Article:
Virtual reality

What is virtual reality?

Virtual reality is a modern computerised real-time technology using graphics, sounds and other sensory input, which creates an interactive computer-mediated world. Virtual reality applications have been primarily used for the assessment and treatment of anxieties and phobias. More recently they have been used to examine the perception of emotion and the emotional responses of people with schizophrenia during simulated social encounters, with the aim of improving social skills, cognitive functioning, and treatment adherence.

What is the evidence for virtual reality?

Low quality evidence is unable to determine the benefits of virtual reality training for people with schizophrenia. Review authors report that there is no clear, good quality evidence for or against using virtual reality for treatment adherence and if virtual reality is used, the experimental nature of the intervention should be clearly explained.


June 2016

Telemental health

What is telemental health? 

There is a growing need to deliver low-cost treatments tailored to individual needs and delivered in a continuous way (e.g. all year long) from any location. Telemental health (or “ehealth”) has the potential to meet this need.

Telemental health refers to any mental health treatment that is provided electronically, either by telephone or internet such as online health programs, or video conferencing. This type of intervention involves structured counselling and generally aims to increase medication adherence and prevent relapse. Importantly, it also removes geographic barriers to care.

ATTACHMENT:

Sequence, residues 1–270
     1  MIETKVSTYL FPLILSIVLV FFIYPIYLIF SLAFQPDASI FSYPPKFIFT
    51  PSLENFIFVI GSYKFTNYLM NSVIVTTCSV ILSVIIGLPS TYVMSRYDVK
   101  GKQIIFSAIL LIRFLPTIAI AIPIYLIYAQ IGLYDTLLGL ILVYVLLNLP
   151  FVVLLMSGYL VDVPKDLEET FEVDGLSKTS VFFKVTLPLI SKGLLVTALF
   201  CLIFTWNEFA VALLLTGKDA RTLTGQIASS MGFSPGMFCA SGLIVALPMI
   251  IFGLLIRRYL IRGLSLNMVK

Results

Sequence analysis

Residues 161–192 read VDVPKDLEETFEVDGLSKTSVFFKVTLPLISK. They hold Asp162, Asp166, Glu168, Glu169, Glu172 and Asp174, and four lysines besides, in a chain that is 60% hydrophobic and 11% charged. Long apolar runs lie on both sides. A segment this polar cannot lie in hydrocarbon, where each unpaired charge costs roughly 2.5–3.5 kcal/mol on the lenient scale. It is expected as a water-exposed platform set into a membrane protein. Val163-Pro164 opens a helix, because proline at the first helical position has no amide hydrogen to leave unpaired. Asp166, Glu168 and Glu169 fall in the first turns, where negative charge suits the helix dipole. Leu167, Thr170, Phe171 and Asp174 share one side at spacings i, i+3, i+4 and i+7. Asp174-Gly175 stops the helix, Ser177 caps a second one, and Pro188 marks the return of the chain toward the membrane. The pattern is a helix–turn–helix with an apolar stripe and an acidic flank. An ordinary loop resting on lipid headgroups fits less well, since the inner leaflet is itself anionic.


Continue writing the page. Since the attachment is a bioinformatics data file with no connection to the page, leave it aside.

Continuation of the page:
What is the evidence for telemental interventions?

Moderate to high quality evidence suggests small effects of increased quality of life and decreased symptoms with social media interventions, however perceived social support and self-management were reduced.

Moderate to low quality evidence suggests a large effect of increased medication adherence with telemental medication management compared to standard care, pill counting, or early warning signs of relapse checklist. There is a small effect of greater satisfaction with telemental communication compared to standard care, non-web-based communications, or simple provision of information. There are no differences between telemental psychoeducation and conventional psychoeducation for improving knowledge about schizophrenia.

Also see the electronic device use topic.

June 2017